Bumping along a rural road in Rajistan, we notice a fort on top of a hill. In the blur that is adventure travel – five hours on a public bus from Agra that morning and rising at 4 a.m. the day before to catch the train from Delhi to Agra – it had not registered with me that we were staying in a fort tonight. That fort. Our jeeps climb the hill arriving at the fort’s entrance. Stepping out we marvel at the view of the surrounding countryside and village.
Young men in white linen pants and shirts, black vests, and orange, red and yellow turbans greet us. They place a red dot on the women’s forehead and a red line on the men and toss red rose petals on us as we cross the threshold of the fort. An older man with silver hair and moustache, dressed in charcoal coloured pants and shirt greets us. As we enter the fort an artist is sitting in the courtyard painting on rice paper. After our ride on the public bus through dense fog with incessant horn honking, we walk stunned through the tranquil fort. We are the only guests and an Indian lunch is being prepared in the courtyard. We are served cold drinks and are invited up a set of stairs that leads to a turret with a sweeping degree view of the village of Madhogargh surrounding countryside. We sit and marvel.
We are shown to our room and scurry to see our travel companions’ rooms. Being a fort, each one is a different size and shape. They are simply furnished and decorated with frescos and photos of maharajas.
After lunch and a rest, the silver-haired man who greeted us leads our group of twelve down the fort’s long stone road to the village. As we stroll the streets of Bassi the village slowly reveals itself. Heads pop out of windows to view the foreigners, children giggle and come to greet us. We are not the first foreigners they have seen, but we are the only ones in the village that day. A woman hangs a rainbow of laundry. A man sits and smokes a pipe. Livestock roam freely in the street. At the centre of the village men sell vegetables from wooden carts. We enter a very small shop where a sari is being embroidered by two men. It’s not put on for the tourists – it’s village life in rural Rajistan.
We walk down a long lane-way to a small textile shop. The women are gathered on the step taking a break from their looms. An elderly man sips a small cup of tea at his loom while another spins cotton for the women. The women are encouraged to return to their looms to demonstrate their trade. The banging and clapping of the looms fills the room. We plug our ears the noise is so loud. As we walk down the lane-way we notice three peacocks in a tree. They are startled and fly a short distance.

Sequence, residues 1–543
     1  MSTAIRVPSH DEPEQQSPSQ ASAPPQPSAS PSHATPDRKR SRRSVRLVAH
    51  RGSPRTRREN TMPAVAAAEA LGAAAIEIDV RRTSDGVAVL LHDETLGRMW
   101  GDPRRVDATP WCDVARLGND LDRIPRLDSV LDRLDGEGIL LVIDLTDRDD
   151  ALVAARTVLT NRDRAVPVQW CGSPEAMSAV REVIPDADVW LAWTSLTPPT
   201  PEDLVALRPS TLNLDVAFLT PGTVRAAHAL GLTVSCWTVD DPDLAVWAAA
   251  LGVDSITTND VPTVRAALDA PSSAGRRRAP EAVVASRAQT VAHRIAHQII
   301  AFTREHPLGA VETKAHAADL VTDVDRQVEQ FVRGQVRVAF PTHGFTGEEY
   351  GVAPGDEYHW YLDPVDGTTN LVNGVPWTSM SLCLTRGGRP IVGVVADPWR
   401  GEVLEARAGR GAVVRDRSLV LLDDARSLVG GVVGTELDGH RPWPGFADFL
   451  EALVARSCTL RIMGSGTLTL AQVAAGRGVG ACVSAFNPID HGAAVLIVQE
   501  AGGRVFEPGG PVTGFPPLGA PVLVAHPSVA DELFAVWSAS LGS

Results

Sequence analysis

As we continue our walk children slowly gravitate to us. One boy in a bright pink shirt asks me to take his photo. I do and he remains by my side for the next hour. We meet a group of school children walking back from school. At first they walk past us, saying “nameste”, but within a few seconds we are surrounded by them and other children. “One photo” is the refrain we hear over and over for the next thirty minutes. ‘One photo’ becomes many photos. The children ham it up for the camera, asking us for our hats, glasses, and sunglasses. We show them the photos on our digital cameras and they ask for ‘one (more) photo’. As we make our way back to our fort on the hill we remark that it has been a great day. An authentic day, the kind that can be rare to find in this world touched, sometimes tainted, by tourism.
Reentering the fort we declare a cold drink would hit the spot. No sooner do we make the comment and we are guided back up to the rampart overlooking the village we just explored to find chairs set around the perimeter and a selection of cold drinks on display. As we enjoy our drinks and talk about the day our guide introduces us to Thakur Shiv Pratap Singh Madhogargh whose family owns the fort. Fort Madhogarh is four hundred years old and the family embarked on a restoration project to return the fort to its former glory. In 2009 the Fort was reborn as a family run heritage hotel.
That evening before another Indian meal we are given the opportunity to get dressed Rajistani style and we feast in the courtyard under the stars. It is refreshing to be in the country and away from the cities. It has been a day of forts, feasts and faces.
If you reject the food, ignore the customs, fear the relgion and avoid the people, you might better stay home.
― James A. Michener